And what if you want to look like David Beckham in the Metaverse?

In the real world, personality rights are recognized – meaning that a person cannot appropriate the name or likeness of another for commercial gain.  This applies in the Metaverse as well. 

A user may choose to look like a famous personality, but he should not use this avatar to advertise products or gain profit from an unlawful infringement of another person’s identity and/or identity theft.


3. More or less privacy in the Metaverse?


The collection and use of personal information has been an issue in web or mobile-based platforms, as they are obligated to collect the minimum information for a purpose. 

In the Metaverse, the approach is to go for stricter and more transparent privacy standards. Blockchain technology offers anonymity and security, but with the increasing number of users and the implication of the virtual world to the real word, privacy needs to be carefully considered.

At Legit, you can find lawyers that can advise you on any aspect of data privacy and protection in connection with virtual worlds and metaverses.

4. Is Metaverse a well-regulated market? Safe? Fair?


Metaverse has a functional economy similar to the real world, where people use a currency, and they engage in the transactions of goods and property. This works on blockchain-based exchanges grounded on cryptocurrency – the currency of the metaverse.

In the Metaverse, users can enter into a contractual agreement. The contracts can involve anything from selling virtual goods to renting virtual property. If two people enter a contract in Metaverse, both parties must abide by the terms of the agreement. If one party fails to do so, the other party may be able to sue for breach of contract.

The legal question revolves around NFTs (which stands for “non-fungible token”) – a digital collectible on a blockchain that has some particularities. For instance, unlike another virtual currency, they are assets for a user. It can exist on the blockchain forever after it is minted, people can access the records and confirm the provable scarcity without relying on someone for authenticity, and the history of the ownership is recorded.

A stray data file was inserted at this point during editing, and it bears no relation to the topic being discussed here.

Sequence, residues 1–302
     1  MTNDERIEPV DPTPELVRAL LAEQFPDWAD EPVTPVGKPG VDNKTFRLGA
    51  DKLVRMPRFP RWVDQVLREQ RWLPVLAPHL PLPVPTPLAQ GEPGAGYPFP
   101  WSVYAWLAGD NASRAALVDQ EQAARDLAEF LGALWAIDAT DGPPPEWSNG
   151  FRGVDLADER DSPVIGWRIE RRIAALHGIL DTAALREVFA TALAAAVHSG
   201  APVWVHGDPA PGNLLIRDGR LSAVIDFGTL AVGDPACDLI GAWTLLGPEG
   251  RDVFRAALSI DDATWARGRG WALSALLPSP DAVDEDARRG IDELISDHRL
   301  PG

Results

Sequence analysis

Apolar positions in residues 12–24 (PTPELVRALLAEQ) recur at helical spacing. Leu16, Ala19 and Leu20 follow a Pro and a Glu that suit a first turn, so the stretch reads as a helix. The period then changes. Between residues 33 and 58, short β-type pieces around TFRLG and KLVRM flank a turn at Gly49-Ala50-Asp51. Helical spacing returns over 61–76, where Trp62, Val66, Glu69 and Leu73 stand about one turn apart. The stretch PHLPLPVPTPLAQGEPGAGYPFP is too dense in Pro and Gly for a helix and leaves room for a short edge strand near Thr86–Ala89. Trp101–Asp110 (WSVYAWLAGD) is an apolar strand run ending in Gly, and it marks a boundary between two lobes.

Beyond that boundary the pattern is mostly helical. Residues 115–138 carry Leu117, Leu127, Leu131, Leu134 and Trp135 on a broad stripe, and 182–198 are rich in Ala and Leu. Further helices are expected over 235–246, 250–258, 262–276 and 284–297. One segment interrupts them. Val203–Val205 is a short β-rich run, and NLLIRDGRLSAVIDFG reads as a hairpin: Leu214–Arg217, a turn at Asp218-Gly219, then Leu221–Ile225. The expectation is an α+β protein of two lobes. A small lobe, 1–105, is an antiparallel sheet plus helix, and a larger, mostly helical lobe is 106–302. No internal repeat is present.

By using the smart contracts” technology, NFTs can be traded between players, games, and worlds, and since it is a decentralized authority – there is no central economy to enforce the contracts. For this reason, a person would have to raise a claim in the real-world court for any contract breaches.

5. Is real life/virtual intellectual property protected? How?


NFTs are particularly regulated on the Metaverse, but what happens when real work is reproduced, performed, exhibited, distributed, or rented on the metaverse platform? 

Intellectual property laws protect authorship of user-created content in the Metaverse, like avatars, virtual buildings, and digital artwork. However, misappropriating real-world brands, like GUCCI or Nike, is presumed to fall under the copyright laws

If an avatar steals a digital ‘Gucci bag’ in the ‘metaverse’, this will involve issues relating to property rights, theft and intellectual property law. If loss of money or reputation of a real-world person or company is involved, there is a case to be made that these are legal problems sufficiently substantive to warrant a real claim in a real court of law.

At Legit, we can connect you with the right lawyer that can advise you on IP protection, IP infringement, including DMCA takedowns, and Ownership and licensing of User-Generated Content (UGC). All you need to do is click here.

Is this all there is to the Metaverse?


Well, not exactly. There continues to be uncertainty regarding the rule of law on the metaverse. As the legislator needs to catch up with technological development, the extension of the real-life laws to the virtual-worlds are seen more as a given, than truly enforced by law.

This entails that businesses need to be wary of the legal implications of providing a medium to facilitate crime, and users need to be informed on what would particularly be a problem with their avatar behavior, if they convey consequences in reality.

It would be a good idea to Better Call Saul (or Legit) before thinking of doing something ambiguous in the Metaverse.


**Disclaimer: This blog was originally published in qLegal, on August 30, 2022.

Leave a Reply

Your email address will not be published. Required fields are marked *
Tirana, Albania & Pristina, Kosovo
+ 355 69 634 0059

Follow us:


Subscribe Calls may be recorded for quality and training purposes.

Copyright © Legit 2020